Conroe 12-year-old's 1995 murder that rocked the nation to be subject of new podcast, documentary
Houston Chronicle |
A few days before Conroe pre-teen Samuel McKay Everett was kidnapped the night of Sept. 12, 1995, his mother said he was watching television at home when an inspiration hit him.
He said to his parents “When I'm not here anymore you can find me where the words are on the rocks — Hollywood.”
“I thought ‘oh silly boy!’” Paulette Everett Norman, recently said from her home in Conroe. “Now I look at that moment differently. These words have roamed my brain for 28 years.”
The pre-teen went by his middle name McKay and his dreams of fame were cut short though the night he was kidnapped, tortured and later murdered by Hilton Crawford, a family friend he knew as “Uncle Hilty.”
It was a brutal crime that not only rocked Conroe — a town of 34,000 at the time — but the entire nation.
Not long after her son’s funeral, Norman began to get requests from movie producers, book agents and more wanting to tell her family’s story.
For 28 years she hasn’t been ready — until now.
The 72-year-old woman is working with producer through a TV/radio station in Utah on a podcast series about the crime. In January, she also filmed portions for a documentary and last fall, she filmed a segment for the show “In Your Corner” which airs on the Daystar network in Nashville.
She’s also in talks with movie producer and playwright.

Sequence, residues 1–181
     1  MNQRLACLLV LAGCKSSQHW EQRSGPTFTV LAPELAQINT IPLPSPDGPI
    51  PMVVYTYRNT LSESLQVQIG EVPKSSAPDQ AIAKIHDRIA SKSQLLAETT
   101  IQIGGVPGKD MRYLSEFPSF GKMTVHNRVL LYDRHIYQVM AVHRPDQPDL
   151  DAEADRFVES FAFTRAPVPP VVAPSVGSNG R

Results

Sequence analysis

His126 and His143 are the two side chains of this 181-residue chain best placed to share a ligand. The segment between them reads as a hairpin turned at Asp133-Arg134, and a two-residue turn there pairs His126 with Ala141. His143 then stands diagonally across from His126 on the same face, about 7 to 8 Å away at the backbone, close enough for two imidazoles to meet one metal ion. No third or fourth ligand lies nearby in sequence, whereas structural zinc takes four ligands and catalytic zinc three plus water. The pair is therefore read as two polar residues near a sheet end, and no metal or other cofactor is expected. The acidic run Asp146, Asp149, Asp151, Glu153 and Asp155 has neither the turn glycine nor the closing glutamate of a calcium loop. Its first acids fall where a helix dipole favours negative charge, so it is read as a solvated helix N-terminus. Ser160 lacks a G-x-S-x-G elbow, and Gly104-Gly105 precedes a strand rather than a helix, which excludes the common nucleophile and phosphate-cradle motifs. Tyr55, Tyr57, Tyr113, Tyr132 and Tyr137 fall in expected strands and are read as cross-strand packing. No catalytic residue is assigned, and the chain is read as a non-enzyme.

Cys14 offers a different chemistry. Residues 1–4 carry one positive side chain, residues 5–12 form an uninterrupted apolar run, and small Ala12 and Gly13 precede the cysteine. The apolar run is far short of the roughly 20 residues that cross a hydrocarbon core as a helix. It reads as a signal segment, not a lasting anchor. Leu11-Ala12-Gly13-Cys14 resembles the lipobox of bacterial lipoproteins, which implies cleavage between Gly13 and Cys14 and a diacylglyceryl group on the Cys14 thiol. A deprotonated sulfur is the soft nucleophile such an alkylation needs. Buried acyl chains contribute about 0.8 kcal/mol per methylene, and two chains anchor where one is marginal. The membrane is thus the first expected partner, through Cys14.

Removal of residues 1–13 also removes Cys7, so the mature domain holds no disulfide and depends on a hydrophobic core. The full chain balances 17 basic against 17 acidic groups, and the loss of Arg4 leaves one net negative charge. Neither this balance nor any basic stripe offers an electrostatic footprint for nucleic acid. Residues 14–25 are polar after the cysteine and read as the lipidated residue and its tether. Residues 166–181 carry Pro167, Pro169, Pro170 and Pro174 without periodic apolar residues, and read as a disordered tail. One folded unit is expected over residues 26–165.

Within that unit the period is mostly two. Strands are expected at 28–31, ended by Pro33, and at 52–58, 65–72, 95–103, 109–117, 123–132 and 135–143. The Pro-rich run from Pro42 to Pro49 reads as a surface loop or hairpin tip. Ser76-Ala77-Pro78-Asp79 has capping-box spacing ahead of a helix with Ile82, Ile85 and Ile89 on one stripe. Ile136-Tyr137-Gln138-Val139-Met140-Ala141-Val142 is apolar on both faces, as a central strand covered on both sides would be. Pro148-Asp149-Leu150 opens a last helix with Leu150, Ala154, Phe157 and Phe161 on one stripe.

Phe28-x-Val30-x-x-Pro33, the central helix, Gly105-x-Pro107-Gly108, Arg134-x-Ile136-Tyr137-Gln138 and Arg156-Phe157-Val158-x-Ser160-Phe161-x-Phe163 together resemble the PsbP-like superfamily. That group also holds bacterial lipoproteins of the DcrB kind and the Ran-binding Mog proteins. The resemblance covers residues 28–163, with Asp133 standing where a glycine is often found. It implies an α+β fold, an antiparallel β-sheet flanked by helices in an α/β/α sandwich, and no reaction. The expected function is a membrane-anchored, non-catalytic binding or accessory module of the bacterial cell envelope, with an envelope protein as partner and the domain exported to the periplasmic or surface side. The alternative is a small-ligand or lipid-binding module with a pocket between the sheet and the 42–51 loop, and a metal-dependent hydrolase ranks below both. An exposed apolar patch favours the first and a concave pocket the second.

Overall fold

“A little over three years ago I prayed,” she said. “I look back now and call it ‘The Before I Die Prayer.’ I asked God for more opportunities in radio, television, etc. Movie opportunities have surfaced throughout the years, but I declined because I did not have peace with the offers.”
In approaching her later years of life, Norman said there’s more to the story that was never brought up in the media or in court. She felt it was time for her to speak her mind after all these years.
In the mid-1990s, the Everetts were well-respected and well-liked in Conroe circles.
In a December 2022 interview, Bill Cochran Jr. said he first met the couple when they started teaching Sunday School at the First Baptist Church in Conroe. Paulette was always trying to set him up with a nice girlfriend.
Cochran eventually did marry, and his son was roughly the same age as Everett.
The same for Tommie Feagin. He was also friends with the couple and his wife, Linda, was about to give birth to their first child in September 1995.
Nothing could have prepared the close friend group for the events of September 1995.
They were all participants of the Amway program — an American multi-level marketing company that sells health, beauty and home care products. So was another friend, Hilton Crawford.
Feagin, who also was interviewed in December, said from the minute he met Crawford he felt like there was something evil about him. He even warned Cochran when Crawford would come into Cochran’s men’s store in downtown Conroe not to trust Crawford.
Crawford had previously worked in law enforcement and his wife, Connie, was an elementary school teacher whose classroom was across the hall from Norman.
Feagin said Crawford had specifically asked the Everetts to set an Amway meeting for the night of Sept. 12 saying that’s when he would be in town. “He set it up real well,” Feagin said.